Three genes had differential H3K4me3 and H3K27me3 peaks, Trp63 (transformation related protein 63); Wnt5a (wingless-type MMTV integration site family, member 5A); and Lhfpl3 (lipoma HMGIC fusion partner-like 3). All three genes had reduced H3K4me3 in the ethanol samples and the presence of H3K27me3 peaks in the post-ethanol samples suggesting expression of these genes is repressed during protracted ethanol withdrawal (Table 1 and Supplementary Tables 1, 2).
Pathway and Gene Ontology Analyses
Next we performed pathway and GO analyses on the genes showing differential histone marks. For H3K4me3, the top KEGG pathways identified were “proteoglycans in cancer,” “viral carcinogenesis,” and “viral myocarditis” (Table 2). The top GO categories were “dendrite,” “synapse,” and “cell junction” (Table 3). Interestingly, four genes that are part of the top KEGG pathway for H3K4me3, “proteoglycans in cancer,” were identified in the H3K27me3 analysis suggesting dysregulation of this pathway through multiple epigenetic mechanisms (Table 2 and Figure 4). For H3K27me3, the top KEGG pathways identified were “calcium signaling pathway” and “nicotinate and nicotinamide metabolism” (Table 2). We observed an additional six genes in the “calcium signaling pathway” in our H3K4me3 analysis suggesting an important role of calcium signaling during this post-ethanol period (Table 2). The top GO categories for H3K27me3 were “calcium ion binding,” “receptor complex,” and “transcriptional activator activity, RNA polymerase II core promoter proximal region sequence-specific binding” (Table 3).
FIGURE 4. Simplified KEGG pathway “Proteoglycans in Cancer” with H3K4me3 and H3K27me3 enriched genes. The KEGG pathway was down-loaded into Cytoscape (3.5.1) using the CytoKegg (1.0.1) application. ChIP-seq data was overlaid on the pathway with H3K4me3 results shown in blue rectangles and H3K27me3 results shown in red ovals. Blue filled nodes indicate a predicted down-regulation with ethanol based on the ChIP-seq results and pink filled nodes indicate a predicted up-regulation. Proteoglycans play several crucial roles in modulating neuronal migration, axonal regeneration, and synaptic plasticity.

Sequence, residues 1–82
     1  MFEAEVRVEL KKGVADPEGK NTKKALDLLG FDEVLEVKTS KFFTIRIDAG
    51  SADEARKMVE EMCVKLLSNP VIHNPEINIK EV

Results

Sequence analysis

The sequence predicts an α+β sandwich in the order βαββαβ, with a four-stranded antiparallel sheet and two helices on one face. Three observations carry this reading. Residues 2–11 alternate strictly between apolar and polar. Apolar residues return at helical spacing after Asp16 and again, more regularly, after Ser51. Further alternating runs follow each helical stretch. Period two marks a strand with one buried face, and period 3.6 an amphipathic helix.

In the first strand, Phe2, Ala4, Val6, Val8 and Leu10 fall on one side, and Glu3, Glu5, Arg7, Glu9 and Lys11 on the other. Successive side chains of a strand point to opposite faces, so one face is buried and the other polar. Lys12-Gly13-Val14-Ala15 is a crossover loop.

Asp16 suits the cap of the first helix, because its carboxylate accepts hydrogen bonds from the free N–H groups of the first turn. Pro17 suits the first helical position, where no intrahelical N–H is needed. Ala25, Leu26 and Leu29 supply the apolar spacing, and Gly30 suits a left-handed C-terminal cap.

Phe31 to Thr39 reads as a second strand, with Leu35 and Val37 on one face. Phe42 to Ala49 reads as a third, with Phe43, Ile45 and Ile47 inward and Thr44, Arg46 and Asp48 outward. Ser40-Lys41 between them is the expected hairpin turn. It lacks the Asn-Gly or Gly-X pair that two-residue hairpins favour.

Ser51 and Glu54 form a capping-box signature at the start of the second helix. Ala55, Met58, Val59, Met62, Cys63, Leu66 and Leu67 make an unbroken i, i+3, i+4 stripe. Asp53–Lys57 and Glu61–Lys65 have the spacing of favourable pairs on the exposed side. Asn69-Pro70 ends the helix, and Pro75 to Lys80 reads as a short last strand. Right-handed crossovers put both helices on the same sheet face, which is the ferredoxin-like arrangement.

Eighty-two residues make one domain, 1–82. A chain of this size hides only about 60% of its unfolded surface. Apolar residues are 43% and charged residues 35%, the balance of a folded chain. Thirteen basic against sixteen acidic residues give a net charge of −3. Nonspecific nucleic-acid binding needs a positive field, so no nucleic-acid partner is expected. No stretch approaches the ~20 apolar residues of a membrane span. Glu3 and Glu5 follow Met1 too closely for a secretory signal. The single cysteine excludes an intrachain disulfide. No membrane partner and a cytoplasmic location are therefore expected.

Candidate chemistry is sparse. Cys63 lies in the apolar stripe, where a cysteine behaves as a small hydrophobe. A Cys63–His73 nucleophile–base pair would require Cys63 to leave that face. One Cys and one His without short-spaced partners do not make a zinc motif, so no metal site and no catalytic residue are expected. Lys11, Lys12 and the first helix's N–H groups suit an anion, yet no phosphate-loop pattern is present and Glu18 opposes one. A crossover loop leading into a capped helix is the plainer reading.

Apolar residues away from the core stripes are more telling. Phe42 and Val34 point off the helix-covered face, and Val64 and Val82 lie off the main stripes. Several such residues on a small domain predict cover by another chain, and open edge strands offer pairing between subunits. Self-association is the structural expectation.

Gene Expression Analysis
Additionally, we carried out gene expression array analysis of the PFC of control and post-ethanol exposure mice. We found that 21 d after ethanol exposure 86 of the 7,683 genes present in the microarray platform were differentially expressed, with an unadjusted p-value < 0.01, 40% of the differentially expressed genes were downregulated and 60% were upregulated (Table 3). Notably, DNA methyltransferase 3A (Dnmt3a) was down-regulated during protracted withdrawal from alcohol and has been previously identified as dysregulated following ethanol exposure (Smith et al., 2016; van der Vaart et al., 2017). We then subjected the differentially expressed genes to pathway and GO analyses. The top KEGG pathway identified was “cell adhesion molecules.” The top GO categories were “protein binding,” “nucleoplasm,” and “coronary vasculature development.” The microarray platform used for this experiment contained 49% of the genes that showed changes in H3K4me3 and 18% of the genes that showed changes in H3K27me3. Five genes displaying changes in H3K4me3 or H3K27me3 also showed differential expression; in all five cases, the expression profile of the genes matched the predicted expression based on histone methylation with increased H3K4me3 associated with increased expression and increased H3K27me3 associated with decreased expression. Specifically, we found that genes Pard3 and Plagl1 showed increased H3K27me3 in ethanol samples and decreased expression compared to controls; the gene Calu displayed reduced H3K4me3 binding and reduced gene expression; genes Ezr and Dgkb had increased H3K4me3 and increased gene expression (Tables 1, 4 and Supplementary Tables 1, 2).
We validated some of the changes observed in H3K4me3 and/or H3K27me3 analysis using ChIP followed by qPCR analysis of immunoprecipitated DNA in four additional samples per condition. Furthermore, we used qRT-PCR to validate differential expression detected by microarray and measure RNA expression of two genes (Alk and Camk2a) not present in the microarray platform but displaying H3K4me3 and/or H3K27me3 changes by ChIP-seq.